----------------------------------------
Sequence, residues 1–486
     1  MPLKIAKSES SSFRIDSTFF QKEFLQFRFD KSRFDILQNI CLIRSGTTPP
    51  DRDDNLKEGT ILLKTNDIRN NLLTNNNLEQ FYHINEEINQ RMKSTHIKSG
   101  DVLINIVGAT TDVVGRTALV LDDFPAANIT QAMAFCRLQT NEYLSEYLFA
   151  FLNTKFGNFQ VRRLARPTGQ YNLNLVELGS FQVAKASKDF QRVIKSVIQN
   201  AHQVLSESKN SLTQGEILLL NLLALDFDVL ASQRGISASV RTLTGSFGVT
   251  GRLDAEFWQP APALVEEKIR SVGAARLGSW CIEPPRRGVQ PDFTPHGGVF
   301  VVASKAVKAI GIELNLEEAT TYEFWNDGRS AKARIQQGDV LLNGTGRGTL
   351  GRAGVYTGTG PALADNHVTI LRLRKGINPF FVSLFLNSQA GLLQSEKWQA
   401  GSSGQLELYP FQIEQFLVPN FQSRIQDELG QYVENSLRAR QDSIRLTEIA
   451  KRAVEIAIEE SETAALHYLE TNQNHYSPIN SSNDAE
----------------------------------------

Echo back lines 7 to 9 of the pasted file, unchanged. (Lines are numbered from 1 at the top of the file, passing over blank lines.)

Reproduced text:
   251  GRLDAEFWQP APALVEEKIR SVGAARLGSW CIEPPRRGVQ PDFTPHGGVF
   301  VVASKAVKAI GIELNLEEAT TYEFWNDGRS AKARIQQGDV LLNGTGRGTL
   351  GRAGVYTGTG PALADNHVTI LRLRKGINPF FVSLFLNSQA GLLQSEKWQA